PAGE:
US manufacturers, farmers and food producers are often weighted down with government rules and regulation. The Chinese are not as particular. China can roll over domestic US producers and the Chinese are not held to the same standards as US manufacturers. Clever idea.
In August 1996, residents in the Greenpoint section of Brooklyn described odd tree damage to a forestry inspector. Showy beetles collected from the neighborhood trees stumped the experts until Richard Hoebeke, assistant curator of Cornell University's insect collection, recognized it as Anoplophora glabripennis, a well-known menace in China, Korea, and Japan.
During the past 20 years or so, he's spotted about three dozen insect species that were invading the United States. Most of them turned out to be relatively harmless.
"This is the worst," he says. "This could easily be on the same level with the gypsy moth and the medfly."
The Asian long-horned beetle spends most of its life as a grub inside wood. It probably hitchhiked from China to the United States hidden in the cheap, untreated wood often used for pallets or packing material. APHIS' roughly 1,300 inspectors manage to check only about 2 percent of the goods sweeping into U.S. ports, and Cavey has been worried that the recent trade boom would start an international boom of alarming pests.
"We don't usually jump in as hard as we did," he says. Hoebeke had called Cavey when he recognized the Asian long-horned beetle, and within days, a federal quarantine forbade moving wood or plants out of an irregular area that eventually stretched some 16 miles across Brooklyn.
Nevertheless, in September 1996, beetles turned up in nearby Amityville, N.Y. They might have hitchhiked there compliments of a tree-pruning company that did many Brooklyn jobs for the telephone company. A year later, beetles appeared in Lindenhurst, N.Y.
Two years later, a Chicago man surfing the Web to identify beetles crawling out of his firewood tipped off authorities that the pest had reached the Midwest. Investigators found infested trees in Chicago's Ravenswood neighborhood and the communities of Addison and Summit.
Beetle watchers discovered yet another hot spot, in the Bayside area of Queens. The USDA has estimated that it has the potential to cause more damage than Dutch elm disease, chestnut blight, and gypsy moths combined, destroying millions of acres of America’s treasured hardwoods, including national forests and backyard trees. The beetle has the potential to damage such industries as lumber, maple syrup, nursery, and tourism accumulating over $41 billion in losses.
Now we have this and there are many many more examples:
Additive that tainted U.S. pet food is commonly used in China
By David Barboza and Alexei Barrionuevo International Herald Tribune
Published: April 29, 2007
ZHANGQIU, China: American food safety regulators trying to figure out how an industrial chemical called melamine contaminated so much pet food in the United States might come to this heavily polluted city in Shandong Province in the northern part of the country.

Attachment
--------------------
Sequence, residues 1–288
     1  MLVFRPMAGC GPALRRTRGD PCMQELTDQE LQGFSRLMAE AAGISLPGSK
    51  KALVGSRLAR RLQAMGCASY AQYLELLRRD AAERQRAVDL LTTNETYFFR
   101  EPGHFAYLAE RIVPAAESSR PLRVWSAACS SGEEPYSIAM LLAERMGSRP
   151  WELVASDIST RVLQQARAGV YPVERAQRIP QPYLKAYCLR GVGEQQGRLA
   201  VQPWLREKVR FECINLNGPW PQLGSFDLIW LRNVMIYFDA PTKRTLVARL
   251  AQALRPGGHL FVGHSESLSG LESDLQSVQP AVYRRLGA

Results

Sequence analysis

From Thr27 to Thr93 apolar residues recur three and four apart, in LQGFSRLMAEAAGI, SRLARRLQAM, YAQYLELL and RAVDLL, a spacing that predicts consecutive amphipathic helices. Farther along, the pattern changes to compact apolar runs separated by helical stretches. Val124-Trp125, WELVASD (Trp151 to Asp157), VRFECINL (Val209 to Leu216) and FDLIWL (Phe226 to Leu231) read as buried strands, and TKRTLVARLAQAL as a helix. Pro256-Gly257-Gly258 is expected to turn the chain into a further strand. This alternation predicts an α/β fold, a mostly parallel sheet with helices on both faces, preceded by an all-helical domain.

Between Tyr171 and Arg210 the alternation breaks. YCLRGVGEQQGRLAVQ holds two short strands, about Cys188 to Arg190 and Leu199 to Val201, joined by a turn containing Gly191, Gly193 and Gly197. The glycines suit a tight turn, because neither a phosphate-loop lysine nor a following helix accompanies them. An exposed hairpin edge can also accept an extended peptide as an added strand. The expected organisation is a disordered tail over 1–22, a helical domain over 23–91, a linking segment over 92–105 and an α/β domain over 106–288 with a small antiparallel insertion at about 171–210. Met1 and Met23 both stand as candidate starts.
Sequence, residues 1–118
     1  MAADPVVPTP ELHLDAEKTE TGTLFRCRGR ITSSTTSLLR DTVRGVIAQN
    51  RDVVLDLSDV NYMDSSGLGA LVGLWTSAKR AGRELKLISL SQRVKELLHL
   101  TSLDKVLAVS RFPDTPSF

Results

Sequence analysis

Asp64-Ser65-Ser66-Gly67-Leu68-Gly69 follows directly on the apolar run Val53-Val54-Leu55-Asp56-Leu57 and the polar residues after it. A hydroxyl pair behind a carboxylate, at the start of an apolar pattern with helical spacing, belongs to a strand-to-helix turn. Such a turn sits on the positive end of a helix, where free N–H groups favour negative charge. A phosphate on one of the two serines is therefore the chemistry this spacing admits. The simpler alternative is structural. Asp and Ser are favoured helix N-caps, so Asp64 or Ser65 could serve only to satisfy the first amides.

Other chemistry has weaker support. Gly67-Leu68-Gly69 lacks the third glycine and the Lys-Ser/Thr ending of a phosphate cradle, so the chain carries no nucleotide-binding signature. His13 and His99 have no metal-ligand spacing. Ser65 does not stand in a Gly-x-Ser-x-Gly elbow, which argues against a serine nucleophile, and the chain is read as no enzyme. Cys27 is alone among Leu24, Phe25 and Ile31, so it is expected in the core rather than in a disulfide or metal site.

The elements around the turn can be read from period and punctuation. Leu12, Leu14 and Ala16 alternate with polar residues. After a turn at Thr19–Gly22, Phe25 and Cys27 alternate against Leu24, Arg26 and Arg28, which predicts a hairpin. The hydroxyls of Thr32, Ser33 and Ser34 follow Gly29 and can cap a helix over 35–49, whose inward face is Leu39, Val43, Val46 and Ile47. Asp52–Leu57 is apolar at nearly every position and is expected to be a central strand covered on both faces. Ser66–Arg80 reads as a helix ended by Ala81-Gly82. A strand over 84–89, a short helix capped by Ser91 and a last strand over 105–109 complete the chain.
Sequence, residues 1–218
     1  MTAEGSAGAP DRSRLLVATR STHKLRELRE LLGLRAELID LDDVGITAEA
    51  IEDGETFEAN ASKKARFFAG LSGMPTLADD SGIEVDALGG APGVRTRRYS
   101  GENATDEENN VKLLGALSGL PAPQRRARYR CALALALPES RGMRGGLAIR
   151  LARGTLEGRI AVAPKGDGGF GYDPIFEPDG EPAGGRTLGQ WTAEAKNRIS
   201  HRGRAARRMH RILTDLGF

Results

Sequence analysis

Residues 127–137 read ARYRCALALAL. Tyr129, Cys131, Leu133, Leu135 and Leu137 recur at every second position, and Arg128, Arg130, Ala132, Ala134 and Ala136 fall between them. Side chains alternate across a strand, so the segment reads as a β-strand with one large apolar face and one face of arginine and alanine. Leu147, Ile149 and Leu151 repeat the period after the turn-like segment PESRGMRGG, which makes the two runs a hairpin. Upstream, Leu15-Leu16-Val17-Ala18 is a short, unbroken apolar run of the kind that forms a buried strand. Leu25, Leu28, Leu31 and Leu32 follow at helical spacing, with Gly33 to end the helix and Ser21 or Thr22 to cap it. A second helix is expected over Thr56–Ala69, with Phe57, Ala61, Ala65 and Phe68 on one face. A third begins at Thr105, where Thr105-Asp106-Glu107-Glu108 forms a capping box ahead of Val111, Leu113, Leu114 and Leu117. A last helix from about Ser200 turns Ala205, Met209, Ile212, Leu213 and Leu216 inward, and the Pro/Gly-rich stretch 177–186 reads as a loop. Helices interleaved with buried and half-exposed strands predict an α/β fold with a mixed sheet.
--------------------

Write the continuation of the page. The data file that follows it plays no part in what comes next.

Here at the Shandong Mingshui Great Chemical Group factory, huge boiler vats are turning coal into melamine, which is used to create plastics and fertilizer.
But the leftover melamine scrap, small acorn-sized chunks of white rock, is then being sold to local entrepreneurs, who say they secretly mix a powdered form of the scrap into animal feed to artificially enhance the protein level.
The melamine powder has been dubbed "fake protein" and is used to deceive those who raise animals into thinking they are buying feed that provides higher nutrition value.
"It just saves money," says a manager at an animal feed factory here. "Melamine scrap is added to animal feed to boost the protein level."
The practice is widespread in China. For years animal feed sellers have been able to cheat buyers by blending the powder into feed with little regulatory supervision, according to interviews with melamine scrap traders and agricultural workers here.
But now, melamine is at the center of a massive, multinational pet food recall after it was linked earlier this month to the deaths and injuries of thousands of cats and dogs in the United States and South Africa.
No one knows exactly how melamine - which had not been believed to be particularly toxic - became so fatal in pet food, but its presence in any form of American food is illegal.
U.S. regulators are now headed to China to figure out why pet food ingredients imported from here, including wheat gluten, were contaminated with high levels of the chemical.
The U.S. Food and Drug Administration has banned imports of wheat gluten from China and ordered the recall of over 60 million packages of pet food. And last week, the agency opened a criminal investigation in the case and searched the offices of at least one pet food supplier.
The U.S. Department of Agriculture also stepped in Thursday, ordering more than 6,000 hogs to be quarantined or slaughtered after some of the pet food ingredients laced with melamine were accidentally sent to hog farms in eight states, including California.